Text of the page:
Court finds that evidence as to the alleged unreasonableness of Sergeant
Smith’s decision to park his police vehicle in front of Hector Lopez’s vehicle
(and the related argument that Sergeant Smith created the dangerous
situation by placing himself there) and the alleged unreasonableness of
Sergeant Smith’s profane order to Hector Lopez to stop are not relevant.
Further, to the extent that Plaintiffs argue that this evidence tends to show
Sergeant Smith’s state of mind, the subjective belief or intention of the officer
is irrelevant in an excessive force case. Scott v. Edinburg, 346 F .3d 752, 756
(7th Cir.2003). The Court therefore grants this portion of Defendants’ Motion to
Exclude Expert Testimony of Michael Cosgrove.

Vincente, slip op. at 19 (e.s.). Accord, Flanagan v. City of Dallas, 2017 WL 2817424 (N.D. Tex

2017) (“For the reasons set forth above, the Court agrees. Officer Staller’s alleged violation of

police procedures leading up to the shooting is not the subject of admissible testimony. Young, 775

F.2d at 1353”). Officer Raja’s decision to use deadly force was unquestionably reasonable at the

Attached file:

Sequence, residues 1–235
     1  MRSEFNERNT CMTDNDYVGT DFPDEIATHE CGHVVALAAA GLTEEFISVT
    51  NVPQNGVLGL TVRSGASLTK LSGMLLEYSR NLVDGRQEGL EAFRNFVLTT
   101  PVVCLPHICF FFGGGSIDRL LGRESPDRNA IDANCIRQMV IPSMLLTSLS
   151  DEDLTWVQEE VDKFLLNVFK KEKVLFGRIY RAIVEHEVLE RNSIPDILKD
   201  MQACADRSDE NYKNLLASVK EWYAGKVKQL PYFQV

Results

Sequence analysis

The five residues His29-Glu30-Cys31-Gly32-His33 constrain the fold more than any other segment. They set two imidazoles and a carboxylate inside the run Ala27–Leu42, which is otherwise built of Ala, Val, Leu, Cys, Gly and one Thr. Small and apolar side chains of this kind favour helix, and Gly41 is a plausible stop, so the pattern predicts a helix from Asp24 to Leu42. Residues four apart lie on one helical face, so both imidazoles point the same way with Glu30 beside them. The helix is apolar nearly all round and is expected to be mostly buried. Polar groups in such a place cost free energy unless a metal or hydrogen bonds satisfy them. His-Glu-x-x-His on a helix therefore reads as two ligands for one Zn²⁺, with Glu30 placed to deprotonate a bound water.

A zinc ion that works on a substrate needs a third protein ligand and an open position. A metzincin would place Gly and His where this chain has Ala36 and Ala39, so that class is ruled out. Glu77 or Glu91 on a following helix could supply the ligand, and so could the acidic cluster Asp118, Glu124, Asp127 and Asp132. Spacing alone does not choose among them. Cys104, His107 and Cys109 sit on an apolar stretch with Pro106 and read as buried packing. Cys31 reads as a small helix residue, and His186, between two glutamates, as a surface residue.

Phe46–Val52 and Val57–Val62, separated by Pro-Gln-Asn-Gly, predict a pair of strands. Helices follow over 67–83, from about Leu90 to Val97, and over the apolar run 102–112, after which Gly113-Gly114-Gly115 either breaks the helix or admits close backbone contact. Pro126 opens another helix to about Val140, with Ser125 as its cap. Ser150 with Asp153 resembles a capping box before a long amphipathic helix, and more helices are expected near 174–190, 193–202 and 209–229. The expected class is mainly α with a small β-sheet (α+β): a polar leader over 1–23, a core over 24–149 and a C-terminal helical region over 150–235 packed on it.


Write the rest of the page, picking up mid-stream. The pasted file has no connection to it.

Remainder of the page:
moment it was made.

Yet the state and its expert Mr. Libby continue to assert the second-guessing scenario. In

fact, hindsight is all they rely on. While case after case holds it is not relevant whether there were

better alternatives available, the state stakes its case on its contention Officer Raja could have used

17
better methods to approach Mr. Jones. This Court should reject the state’s and its expert’s reliance

on the 20/20 hindsight that Officer Raja could have used better police practices.

Wherefore, this Court should grant the amended motion to dismiss.

I HEREBY CERTIFY that a true copy hereof has been electronically provided to BRIAN

FERNANDES, ESQ., (bfernandes@sa15.org), Office of the State Attorney and ADRIENNE

ELLIS, ESQ., (aellis@sa15.org), Office of the State Attorney, 401 North Dixie Highway, West

Palm Beach, FL 33401 on this 15th day of May, 2018.

Respectfully submitted,

RICHARD G. LUBIN, P.A.


707 North Flagler Drive
West Palm Beach, FL 33401
Telephone: 561/655-2040
rich@lubinlaw.com

By: /s/ Richard G. Lubin


RICHARD G. LUBIN, ESQ.
Fla. Bar No. 182249

SCOTT N. RICHARDSON, P.A


1401 Forum Way, Suite 720
West Palm Beach, FL 33401
561-471-9600
561-471-9655 FAX
snr@scottnrichardsonlaw.com

By: /s/ Scott N. Richardson


SCOTT N. RICHARDSON, ESQ.
FLA. BAR NO.: 266515

RALPH E. KING, III


Palm Beach County PBA
2100 North Florida Mango Road
West Palm Beach, FL 33409
Telephone: 561-689-3745
Facsimile: 561-687-0154
rickk@pbcpba.org

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By: /s/ Ralph E. King
RALPH E. KING, ESQ.
Fla. Bar No.90473

STEVEN H. MALONE
707 North Flagler Drive
West Palm Beach, FL 33401
Telephone: 561-805-5805
stevenhmalone@bellsouth.net

By: /s/ Steven H. Malone


STEVEN H. MALONE, ESQ